The floor is lava is also an activity that can be easily adapted depending on your child's skill level. For less confident children, you could begin by spreading cushions or blankets across a carpet. Adding height or more challenging obstacles is an easy way to scale difficulty from there.


Hopping and Jumping Courses

Hopping and jumping games can be as simple as a game of hopscotch, which can be sketched out on a path or patio with some chalks. Hopscotch enables your child to practise jumping on a flat surface, and to shift their balance from two feet to one, and back again.

You could combine gross motor development with cognitive skill-building by making a course of shapes, numbers or letters for your child to jump to, naming them as they go. You could even shout out the names of them for your child to find and hop or jump to.


Play Pretend!

Playing pretend games with your child is one of the best ways to build skills across the spectrum. It is a great way of developing their imagination and language skills, and gross motor development can also be a big aspect of pretend play.

For instance, when your child is pretending to be a mermaid, you might observe them rolling, wriggling their “tail” and “swimming” through the sea. If they are playing pirates, they may run up and down their ship, or even find an object to use as a plank for them to walk above shark-infested waters! Imaginary play is where your child experiments the most with different types of movement and uses different objects to support their play.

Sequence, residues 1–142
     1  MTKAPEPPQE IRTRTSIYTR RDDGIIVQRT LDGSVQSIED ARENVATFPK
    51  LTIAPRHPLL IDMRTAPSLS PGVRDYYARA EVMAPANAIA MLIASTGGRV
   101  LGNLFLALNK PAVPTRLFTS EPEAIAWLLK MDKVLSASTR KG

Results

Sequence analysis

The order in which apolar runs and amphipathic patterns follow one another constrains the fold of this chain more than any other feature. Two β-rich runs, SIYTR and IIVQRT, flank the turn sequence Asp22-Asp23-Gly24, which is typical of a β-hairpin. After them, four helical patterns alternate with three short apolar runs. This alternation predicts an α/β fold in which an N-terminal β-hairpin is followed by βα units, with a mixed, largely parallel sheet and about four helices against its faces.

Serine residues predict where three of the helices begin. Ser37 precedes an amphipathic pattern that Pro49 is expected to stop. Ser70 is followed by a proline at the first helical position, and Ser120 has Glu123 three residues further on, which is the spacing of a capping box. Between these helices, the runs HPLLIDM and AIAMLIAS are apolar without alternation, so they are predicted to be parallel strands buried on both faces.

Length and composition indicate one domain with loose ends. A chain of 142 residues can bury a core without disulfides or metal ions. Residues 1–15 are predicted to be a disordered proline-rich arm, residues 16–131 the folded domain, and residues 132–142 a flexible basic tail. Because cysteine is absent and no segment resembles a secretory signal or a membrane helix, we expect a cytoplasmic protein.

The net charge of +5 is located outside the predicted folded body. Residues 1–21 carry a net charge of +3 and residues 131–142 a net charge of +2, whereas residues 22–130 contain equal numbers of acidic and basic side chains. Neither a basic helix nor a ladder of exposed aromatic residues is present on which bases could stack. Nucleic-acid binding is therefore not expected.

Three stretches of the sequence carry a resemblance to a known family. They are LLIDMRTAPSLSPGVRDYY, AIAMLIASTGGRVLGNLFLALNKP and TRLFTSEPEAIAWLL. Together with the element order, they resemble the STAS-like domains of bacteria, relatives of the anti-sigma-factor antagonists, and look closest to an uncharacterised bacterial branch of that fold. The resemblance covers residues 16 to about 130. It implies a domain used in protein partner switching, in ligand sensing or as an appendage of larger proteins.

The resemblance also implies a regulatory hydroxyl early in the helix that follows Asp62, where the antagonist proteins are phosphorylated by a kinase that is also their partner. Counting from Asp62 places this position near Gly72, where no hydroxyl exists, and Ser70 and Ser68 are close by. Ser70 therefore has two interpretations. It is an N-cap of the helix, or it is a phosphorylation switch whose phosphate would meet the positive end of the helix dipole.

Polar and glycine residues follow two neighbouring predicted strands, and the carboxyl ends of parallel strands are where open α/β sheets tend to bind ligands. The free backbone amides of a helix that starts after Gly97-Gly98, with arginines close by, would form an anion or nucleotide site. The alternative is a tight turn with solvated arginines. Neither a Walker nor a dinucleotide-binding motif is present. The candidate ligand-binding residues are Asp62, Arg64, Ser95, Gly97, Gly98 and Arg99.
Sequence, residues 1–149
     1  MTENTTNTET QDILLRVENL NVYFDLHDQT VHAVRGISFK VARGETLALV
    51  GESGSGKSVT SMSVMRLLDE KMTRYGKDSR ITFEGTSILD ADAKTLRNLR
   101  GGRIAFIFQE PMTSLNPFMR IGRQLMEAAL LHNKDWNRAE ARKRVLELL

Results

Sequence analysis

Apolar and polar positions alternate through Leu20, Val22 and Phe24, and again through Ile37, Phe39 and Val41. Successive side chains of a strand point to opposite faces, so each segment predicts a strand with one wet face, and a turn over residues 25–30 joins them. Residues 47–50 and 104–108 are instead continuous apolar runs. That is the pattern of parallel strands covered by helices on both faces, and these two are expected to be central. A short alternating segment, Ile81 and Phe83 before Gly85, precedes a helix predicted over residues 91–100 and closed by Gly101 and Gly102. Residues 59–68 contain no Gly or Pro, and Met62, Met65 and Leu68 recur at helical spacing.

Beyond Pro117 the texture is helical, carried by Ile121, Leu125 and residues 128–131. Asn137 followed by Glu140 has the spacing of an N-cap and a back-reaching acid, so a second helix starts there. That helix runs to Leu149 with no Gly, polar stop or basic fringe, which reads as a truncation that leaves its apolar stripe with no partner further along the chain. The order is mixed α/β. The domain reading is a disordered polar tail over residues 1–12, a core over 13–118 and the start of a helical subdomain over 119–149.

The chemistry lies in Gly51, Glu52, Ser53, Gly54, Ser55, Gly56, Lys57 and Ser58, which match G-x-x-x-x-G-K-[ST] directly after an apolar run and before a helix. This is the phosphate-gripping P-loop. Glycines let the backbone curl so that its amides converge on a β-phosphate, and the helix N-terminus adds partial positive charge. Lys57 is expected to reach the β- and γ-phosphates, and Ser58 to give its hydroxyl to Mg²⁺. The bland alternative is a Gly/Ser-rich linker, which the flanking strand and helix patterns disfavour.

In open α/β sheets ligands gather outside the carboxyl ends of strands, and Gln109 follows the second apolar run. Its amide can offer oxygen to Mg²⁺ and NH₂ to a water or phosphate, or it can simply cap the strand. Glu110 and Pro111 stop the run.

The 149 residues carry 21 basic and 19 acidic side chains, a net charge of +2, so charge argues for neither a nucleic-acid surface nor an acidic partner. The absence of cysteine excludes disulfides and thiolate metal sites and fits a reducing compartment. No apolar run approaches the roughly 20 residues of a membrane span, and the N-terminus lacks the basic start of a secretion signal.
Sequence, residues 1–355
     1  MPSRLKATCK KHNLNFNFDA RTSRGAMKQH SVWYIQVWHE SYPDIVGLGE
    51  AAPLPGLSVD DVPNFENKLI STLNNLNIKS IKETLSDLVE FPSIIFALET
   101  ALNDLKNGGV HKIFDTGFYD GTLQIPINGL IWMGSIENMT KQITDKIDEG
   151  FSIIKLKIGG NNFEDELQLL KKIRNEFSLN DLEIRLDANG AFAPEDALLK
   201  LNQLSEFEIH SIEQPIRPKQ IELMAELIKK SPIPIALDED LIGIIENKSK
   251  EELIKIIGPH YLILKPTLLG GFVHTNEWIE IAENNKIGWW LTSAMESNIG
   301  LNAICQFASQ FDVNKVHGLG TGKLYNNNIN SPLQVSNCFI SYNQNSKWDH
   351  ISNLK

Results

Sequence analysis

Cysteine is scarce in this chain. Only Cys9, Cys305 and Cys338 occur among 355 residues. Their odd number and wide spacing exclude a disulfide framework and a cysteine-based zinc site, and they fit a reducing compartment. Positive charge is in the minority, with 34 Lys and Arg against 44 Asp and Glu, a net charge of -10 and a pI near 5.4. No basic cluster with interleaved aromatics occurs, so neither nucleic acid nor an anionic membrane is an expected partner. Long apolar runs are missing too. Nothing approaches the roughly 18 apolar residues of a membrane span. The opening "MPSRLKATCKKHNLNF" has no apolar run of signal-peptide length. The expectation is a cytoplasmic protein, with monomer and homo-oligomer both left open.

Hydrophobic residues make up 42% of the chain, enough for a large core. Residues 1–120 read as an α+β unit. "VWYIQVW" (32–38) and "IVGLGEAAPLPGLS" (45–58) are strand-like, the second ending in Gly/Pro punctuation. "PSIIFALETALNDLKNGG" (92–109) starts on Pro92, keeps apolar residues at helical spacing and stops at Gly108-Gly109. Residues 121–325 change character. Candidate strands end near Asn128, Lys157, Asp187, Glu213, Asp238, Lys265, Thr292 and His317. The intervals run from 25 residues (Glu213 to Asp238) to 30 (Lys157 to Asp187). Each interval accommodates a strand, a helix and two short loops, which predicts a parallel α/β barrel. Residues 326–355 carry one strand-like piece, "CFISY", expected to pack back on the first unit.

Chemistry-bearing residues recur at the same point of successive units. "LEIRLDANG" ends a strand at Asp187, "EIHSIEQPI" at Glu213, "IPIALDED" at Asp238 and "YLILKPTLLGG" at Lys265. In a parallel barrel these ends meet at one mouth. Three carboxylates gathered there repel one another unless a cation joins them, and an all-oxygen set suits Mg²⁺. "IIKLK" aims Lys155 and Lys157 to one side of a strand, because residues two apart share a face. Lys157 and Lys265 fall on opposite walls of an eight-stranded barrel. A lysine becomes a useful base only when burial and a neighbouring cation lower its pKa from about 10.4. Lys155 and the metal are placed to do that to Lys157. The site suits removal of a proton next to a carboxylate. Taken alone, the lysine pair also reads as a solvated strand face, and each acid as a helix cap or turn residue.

Pretend play is also open-ended and easy to adapt depending on your child, so it can take on any route that they desire, with many outcomes.



[1] NHS . (2020). How to keep your baby or toddler active. Available: https://www.nhs.uk/conditions/baby/babys-development/play-and-learning/keep-baby-or-toddler-active/.

[2] NHS Start4Life. (2020). Baby moves. Available: https://www.nhs.uk/start4life/baby/baby-moves/.

[3] Blue Cross and Blue Shield of North Carolina Foundation. (2019). Infant Sensory Hoops. Available: http://www.beactivekids.org/assets/pdf/SensoryHoops.pdf.

[4] Mary L.Gavin, MD. (2019). Movement, Coordination, and Your 4- to 7-Month-Old. Available: https://kidshealth.org/en/parents/move47m.html.

[5] Kristen McBee PT, DPT; Anisha Craft PT, DPT, PCS; Renee Leiby PT, DPT and Jan Steinberger PT, DPT. . (2021). Gross motor skills: Birth to 5 years. Available: https://www.chrichmond.org/therapy-services/occupational-therapy/developmental-milestones/gross-motor-skills-birth-to-5-years.

[6] Deepam Pawar. (2021). Sensory Integration Proprioceptive Activities. Available: https://occupationaltherapyot.com/sensory-integration-proprioceptive-activities/.

[7] NHS South Warwickshire Trust. (2021). Children, Young People and Families Occupational Therapy Team GROSS MOTOR SKILLS. Available: https://www.swft.nhs.uk/application/files/6714/5995/2571/gross_motor_skills.pdf.